If the patentee has done this in a claim the language of which is plain and unambiguous, it is not open to your Lordships to restrict or expand or qualify its scope by reference to the body of the specification.

Neither of these statements says that it is impermissible to read the disclosure to understand the claims, if the claims are plain and unambiguous. Rather, they both say that it is impermissible to use the disclosure to change the meaning of the claims. That, I suggest, is the real import of part (b) of Urie JA’s summary.

This view is consistent with Dableh v Ontario Hydro [1996] 3 FC 751 (FCA), which quoted Urie JA’s summary, as in Dableh the trial judge had in effect impermissibly restricted the scope of the claims to the specific embodiment of the invention set out in the description. Even in Mylan v Eli Lilly, the putative error was “of no consequence” [43].

Friday, August 17, 2018

No new cases

No new substantive patent cases were released last week.

Friday, August 10, 2018

No new cases

No new substantive patent cases were released last week.

Note that I generally only blog on substantive patent cases. A new decision in the ongoing saga between Apotex and Health Canada regarding Apotex's Indian facility was released: Apotex Inc. v. Canada (Health), 2018 FCA 147. To keep abreast of new decisions like this one, as well as procedural decisions and copyright and trade-mark cases, I recommend subscribing to the Daily Intellectual Property News service from Alan Macek's IPPractice.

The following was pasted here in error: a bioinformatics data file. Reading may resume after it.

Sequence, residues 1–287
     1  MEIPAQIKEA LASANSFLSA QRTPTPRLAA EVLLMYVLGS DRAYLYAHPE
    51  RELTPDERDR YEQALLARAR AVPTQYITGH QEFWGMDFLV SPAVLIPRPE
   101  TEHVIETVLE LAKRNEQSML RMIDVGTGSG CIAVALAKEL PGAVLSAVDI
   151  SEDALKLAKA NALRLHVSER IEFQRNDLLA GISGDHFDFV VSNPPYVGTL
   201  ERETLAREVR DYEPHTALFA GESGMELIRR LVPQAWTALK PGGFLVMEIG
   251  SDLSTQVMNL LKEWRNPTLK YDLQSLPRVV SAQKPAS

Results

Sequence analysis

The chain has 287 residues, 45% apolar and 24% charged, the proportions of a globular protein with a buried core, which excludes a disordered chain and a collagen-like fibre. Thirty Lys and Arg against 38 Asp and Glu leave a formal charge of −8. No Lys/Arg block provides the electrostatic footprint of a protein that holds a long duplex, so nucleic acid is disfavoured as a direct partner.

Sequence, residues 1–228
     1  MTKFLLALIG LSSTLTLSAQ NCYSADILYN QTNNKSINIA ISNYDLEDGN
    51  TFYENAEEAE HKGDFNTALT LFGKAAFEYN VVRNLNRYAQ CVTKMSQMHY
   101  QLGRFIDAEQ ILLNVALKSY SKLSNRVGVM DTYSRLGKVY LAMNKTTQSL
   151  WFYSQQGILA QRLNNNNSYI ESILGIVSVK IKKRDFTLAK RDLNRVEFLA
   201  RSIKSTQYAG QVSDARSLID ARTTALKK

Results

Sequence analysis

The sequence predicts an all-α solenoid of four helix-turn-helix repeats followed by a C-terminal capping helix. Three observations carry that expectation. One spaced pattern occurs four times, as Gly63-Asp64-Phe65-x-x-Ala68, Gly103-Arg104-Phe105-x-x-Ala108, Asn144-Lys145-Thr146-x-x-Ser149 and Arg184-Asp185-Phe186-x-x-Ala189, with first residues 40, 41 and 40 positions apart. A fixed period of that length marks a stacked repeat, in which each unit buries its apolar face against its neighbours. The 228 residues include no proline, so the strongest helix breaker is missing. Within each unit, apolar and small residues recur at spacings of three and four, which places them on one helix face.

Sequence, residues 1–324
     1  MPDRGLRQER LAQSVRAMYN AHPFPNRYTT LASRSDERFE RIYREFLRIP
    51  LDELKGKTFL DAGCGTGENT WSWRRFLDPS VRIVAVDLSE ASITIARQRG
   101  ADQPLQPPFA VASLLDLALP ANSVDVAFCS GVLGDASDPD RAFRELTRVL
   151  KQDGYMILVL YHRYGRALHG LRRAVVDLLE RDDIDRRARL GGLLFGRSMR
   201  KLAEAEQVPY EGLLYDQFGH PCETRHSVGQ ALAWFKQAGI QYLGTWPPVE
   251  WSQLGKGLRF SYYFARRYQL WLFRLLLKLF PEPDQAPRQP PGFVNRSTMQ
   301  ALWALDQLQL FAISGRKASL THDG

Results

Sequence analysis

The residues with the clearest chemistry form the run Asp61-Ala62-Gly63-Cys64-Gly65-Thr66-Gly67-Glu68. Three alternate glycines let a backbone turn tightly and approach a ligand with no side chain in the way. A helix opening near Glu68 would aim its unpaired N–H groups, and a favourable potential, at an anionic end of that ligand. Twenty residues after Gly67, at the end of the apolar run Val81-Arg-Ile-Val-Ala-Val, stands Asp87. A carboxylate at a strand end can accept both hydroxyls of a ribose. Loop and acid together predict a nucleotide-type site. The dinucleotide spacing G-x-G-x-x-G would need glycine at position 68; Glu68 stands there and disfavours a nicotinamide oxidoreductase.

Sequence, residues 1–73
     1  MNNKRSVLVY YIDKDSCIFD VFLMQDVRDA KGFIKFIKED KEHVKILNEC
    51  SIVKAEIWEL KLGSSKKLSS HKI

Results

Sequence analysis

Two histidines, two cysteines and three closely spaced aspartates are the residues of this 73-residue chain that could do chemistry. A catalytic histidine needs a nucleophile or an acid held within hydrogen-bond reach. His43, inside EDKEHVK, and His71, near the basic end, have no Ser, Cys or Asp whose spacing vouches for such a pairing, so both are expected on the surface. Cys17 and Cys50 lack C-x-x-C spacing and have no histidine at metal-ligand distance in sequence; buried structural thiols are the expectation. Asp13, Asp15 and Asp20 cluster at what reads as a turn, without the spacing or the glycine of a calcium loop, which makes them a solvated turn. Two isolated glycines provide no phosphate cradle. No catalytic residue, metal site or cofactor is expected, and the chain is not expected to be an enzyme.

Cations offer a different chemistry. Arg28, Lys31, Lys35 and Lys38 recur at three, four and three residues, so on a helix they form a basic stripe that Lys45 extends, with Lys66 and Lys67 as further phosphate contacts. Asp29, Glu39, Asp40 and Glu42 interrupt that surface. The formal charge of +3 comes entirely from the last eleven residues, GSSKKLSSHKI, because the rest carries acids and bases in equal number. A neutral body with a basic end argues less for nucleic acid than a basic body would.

Friday, August 3, 2018

Is the Law of Collocation Separate from Obviousness?

Eli Lilly Canada Inc v Apotex Inc 2018 FC 736 Manson J
            2,432,644 / prasugrel / EFFIENT / NOC

The claims at issue in this NOC application were to the combination of prasugrel and aspirin for treating blood clots [5], [13], [65], [66]. Manson J held the claims to be obvious, while rejecting attacks based on patentable subject matter, sufficiency and overbreadth. The obviousness holding turned on the facts, but the “subject matter” attack is of some general interest.

Prasugrel is a member of class of compounds known as “thienopyridines” which also includes ticlopidine and clopidogrel, all of which were known to have antiplatelet aggregation activity [11], [49]. Aspirin is well-known compound, which was also known to have antiplatelet activity, though it is not a thienopyridine. Ticlopidine and clopidogrel had previously been combined with aspirin to treat blood clots: Ticlopidine with aspirin was a standard antiplatelet therapy after stent implantation, and clopidogrel with aspirin had been shown to be even better, and was widely used [108], [117]. It was also known that clopidogrel with aspirin, at least, had synergistic effects [116]. The question was whether this made it obvious to try the new member of the class, prasugrel, in combination with aspirin for the same purpose. Manson J held on the facts that it was self-evident to try the combination, and that there was a reasonable expectation of success. The claims at issue were therefore invalid for obviousness [115], [121], [122].